|By Lt. General P.C. Katoch (Retd)
Former Director General of Information Systems, Indian Army
Defence generally remains in the news in India for valid reasons. It was reported recently that the government procured Rs 76,000 crores of defence equipment during 2015-2016. Of course this figure does not reflect what percentage of equipment deficiency of the forces was met by this expenditure, especially in the critical segment. Another report was that the Department of Industrial Policy and Promotion (DIPP) has issued 342 licenses to 205 Indian private companies for manufacturing of defence equipment such as Artillery guns, Tanks / Combat Vehicles, Unmanned Aerial Vehicle (UAVs), Helicopters, Radars, Warships etc. In addition, since the beginning of the financial year 2014-15, 128 Industrial Licenses for defence have been issued to 97 Indian private companies although government does not directly undertake export of defence equipment. However, in last three years and the current financial year, defence equipment like Dornier aircraft, offshore patrol vessels, Chetak helicopters, sonars, 4x4 vehicles, simulators, overvests (bullet proof jackets), ballistic helmets have been exported to countries like Brazil, Egypt, Israel, Japan, Kazakhstan, Mauritius, Russia, Saudi Arabia, South Korea and Turkey. Defence exports are good albeit they do not affect our military preparedness. What matters is what is being produced indigenously to equip our forces.
To this end, the news related to DRDO generally remains damp squibs. It is not the ‘not so indigenous’ Tejas that ran decades behind schedule (sanctioned in 1983 under the LCA project), as also the Arjun Tank, but everything else appears to be running in slow motion; with revised deadlines, yet more extended deadlines and so on. Consider the following examples:
These are but few examples but the Story is invariably the same for almost every DRDO product, not to talk of quality of the DRDO-produced equipment as compared to COTS, former dubbed “sub-standard” in numerous CAG reports. From what has been discussed so far, two ironies are striking:
This will remain the state for more Tejas induction commencing 2020 unless we develop the (AESA) indigenously or import it. As per media, latter is being looked at - importing AESA radar-EW (electronic warfare) package through global arms producers. This may yet turn out to be another of the numerous cases pointed out by CAG - of crores wasted on development, project eventually shut, with imports finally resorted to. Why this is recurring with consistent periodicity is a mystery when it is on record that items introduced by private players have been slightly modified or reverse engineered by DPSUs and marketed as their own - one example being the push button telephone when first introduced in India. DRDO has set answers to these endemic delays. First is about shortage of funds - that DRDO gets just 5-7 per cent of the defence budget, which is true. But then the defence budget itself is going down with critical voids in military equipping mounting. This is something for the government to think about. But in the interim, DRDO needs to prioritize what R&D can be undertaken with the budget allotted and tell the government this much can be done, rather than undertaking development of everything possible under the sun including some items even without government sanction, as reported upon by CAG. And while discussing paucity of funds for DRDO, what about the $8.2 billion lying unused in DPSUs since 1975, as disclosed by the Defence Minister recently? The second issue which DRDO has is of frequent midterm revision in qualitative requirements (QR) by the military. But this needs to be viewed in the context that if a project to be completed in three years takes 12 years instead, then revision of QR is unavoidable, least outdated technology is fielded. There is a simple solution to this ping-pong game; if a project is sanctioned for three years, DRDO ‘must’ complete it in time, which the military would accept. Any modification to the QR given by the military be developed by DRDO as an ‘upgrade’ version simultaneous to fielding the product based on the original QR. It is without doubt that India must be self-sufficient in defence equipping but then lot more focus is required to attain such capacity. A reality check is required what capacity the DRDO has to absorb state-of-the-art foreign technology. According to recent data from the Organisation for Economic Co-operation and Development (OECD), 81 per cent employers in India are finding it particularly difficult to hire suitable employees with apt skill sets, given the rapid technological advances and the digitization of the workplace. How does this affect the DRDO-DPSUs-OF? Why is it that the outstanding performance of ISRO scientists is not matched by their counterparts in DRDO - is it because of quota and why can’t ‘perform or dismiss’ rule be applied to DRDO as in private sector? Clearly capability and capacity checks should be mandatory before just sanctioning projects that go on for decades.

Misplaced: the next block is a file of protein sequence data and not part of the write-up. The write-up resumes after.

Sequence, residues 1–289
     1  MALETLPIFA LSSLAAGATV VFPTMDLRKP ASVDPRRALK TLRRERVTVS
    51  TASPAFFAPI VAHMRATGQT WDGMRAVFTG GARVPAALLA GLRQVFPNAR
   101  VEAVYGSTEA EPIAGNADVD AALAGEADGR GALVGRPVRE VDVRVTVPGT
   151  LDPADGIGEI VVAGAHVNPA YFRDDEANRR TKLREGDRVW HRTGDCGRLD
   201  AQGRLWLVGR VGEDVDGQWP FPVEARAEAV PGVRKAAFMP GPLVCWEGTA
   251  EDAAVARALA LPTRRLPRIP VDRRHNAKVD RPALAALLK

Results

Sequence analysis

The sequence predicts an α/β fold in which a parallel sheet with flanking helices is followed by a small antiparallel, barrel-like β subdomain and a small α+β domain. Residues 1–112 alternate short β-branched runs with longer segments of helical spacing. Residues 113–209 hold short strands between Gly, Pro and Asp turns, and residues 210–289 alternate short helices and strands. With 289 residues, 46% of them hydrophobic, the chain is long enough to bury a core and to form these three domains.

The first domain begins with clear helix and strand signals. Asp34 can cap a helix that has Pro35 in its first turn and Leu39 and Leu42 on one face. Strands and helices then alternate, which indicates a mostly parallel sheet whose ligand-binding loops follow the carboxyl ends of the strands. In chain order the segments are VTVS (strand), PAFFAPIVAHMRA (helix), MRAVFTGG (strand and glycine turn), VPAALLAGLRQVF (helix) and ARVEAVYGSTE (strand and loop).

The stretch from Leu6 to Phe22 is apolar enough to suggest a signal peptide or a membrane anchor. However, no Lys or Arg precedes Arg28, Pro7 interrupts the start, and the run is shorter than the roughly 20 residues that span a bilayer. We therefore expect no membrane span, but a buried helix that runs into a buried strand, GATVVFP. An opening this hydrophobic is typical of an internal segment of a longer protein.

The views expressed herein are the personal views of the author.